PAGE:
Course Description

Course Name

Research Methods

Session: VSOF3221

Hours & Credits

3 Credits

Prerequisites & Language Level

Taught In English

  • There is no language prerequisite for courses at this language level.


This course aims to provide you with a general road map of the scientific study of social
inquiry. To that end, I have the following main goals in this course. First, we will focus on
establishing the central role of causal explanation in social science. It is important to understand
that any substantive research, whether it uses mathematical modeling, quantitative
analysis, or qualitative studies, remains incomplete unless it is grounded in a sound theoretical
understanding of causation and other related concepts. Second, while there are different
research models and approaches, we will concentrate on one of them: statistical explanation.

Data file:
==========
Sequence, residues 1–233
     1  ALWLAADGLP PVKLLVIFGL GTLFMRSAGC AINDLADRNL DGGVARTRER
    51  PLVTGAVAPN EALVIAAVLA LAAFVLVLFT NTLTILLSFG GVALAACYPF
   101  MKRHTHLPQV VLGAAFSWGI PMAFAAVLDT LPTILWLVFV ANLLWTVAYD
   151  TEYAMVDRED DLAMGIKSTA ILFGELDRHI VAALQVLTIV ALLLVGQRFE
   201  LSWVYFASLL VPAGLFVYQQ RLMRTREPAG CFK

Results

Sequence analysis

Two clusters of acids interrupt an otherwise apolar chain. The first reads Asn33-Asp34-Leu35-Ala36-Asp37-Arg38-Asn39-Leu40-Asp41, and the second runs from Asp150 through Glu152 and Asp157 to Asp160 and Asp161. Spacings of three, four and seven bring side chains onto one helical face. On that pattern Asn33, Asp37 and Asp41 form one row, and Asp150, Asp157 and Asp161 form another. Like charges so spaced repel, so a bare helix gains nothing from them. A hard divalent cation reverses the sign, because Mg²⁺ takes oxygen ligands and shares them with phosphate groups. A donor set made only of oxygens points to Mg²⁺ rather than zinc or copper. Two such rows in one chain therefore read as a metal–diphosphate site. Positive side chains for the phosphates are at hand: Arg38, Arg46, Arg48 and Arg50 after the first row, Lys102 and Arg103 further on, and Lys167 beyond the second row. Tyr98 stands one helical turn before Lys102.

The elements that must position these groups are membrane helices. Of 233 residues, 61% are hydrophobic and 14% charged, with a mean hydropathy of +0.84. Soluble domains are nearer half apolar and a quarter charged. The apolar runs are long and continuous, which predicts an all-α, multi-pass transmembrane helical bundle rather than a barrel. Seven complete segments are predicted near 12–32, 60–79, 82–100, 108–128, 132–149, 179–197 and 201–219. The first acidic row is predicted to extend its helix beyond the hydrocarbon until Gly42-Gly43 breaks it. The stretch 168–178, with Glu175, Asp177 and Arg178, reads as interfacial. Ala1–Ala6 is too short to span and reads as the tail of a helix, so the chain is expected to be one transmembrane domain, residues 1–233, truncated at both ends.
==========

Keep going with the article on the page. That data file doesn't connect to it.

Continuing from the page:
We will study how to do original statistical research using, for example, cross tabulation or
linear regression and how to understand and critique the empirical work done by other social
scientists. Note: We will not have separate lab sessions but the course involves the intensive
use of statistical softwares such as R or STATA.

Required texts:
? Kellstedt, Paul M. and Guy D. Whitten. 2013. The Fundamentals of Political Science
Research. Cambridge University Press.
? Phillip H. Pollock. 2011. The Essentials of Political Analysis. 4th Edition. Congressional
Quarterly Press, Washington, D.C.
Recommended texts:
? Daniel Little. 1991. Varieties of Social Explanation: An Introduction to the Philosophy.
? King Gary, Robert Keohane, and Sidney Verba. 1994. Designing Social Inquiry:
Scientific Inference in Qualitative Research. Princeton.

The required books are not currently available at the bookstore; I recommend purchasing
them online at, for example, amazon. Other professional articles not included in these books
can be found on the web through JSTOR, ProQuest, and Wilson.

*Course content subject to change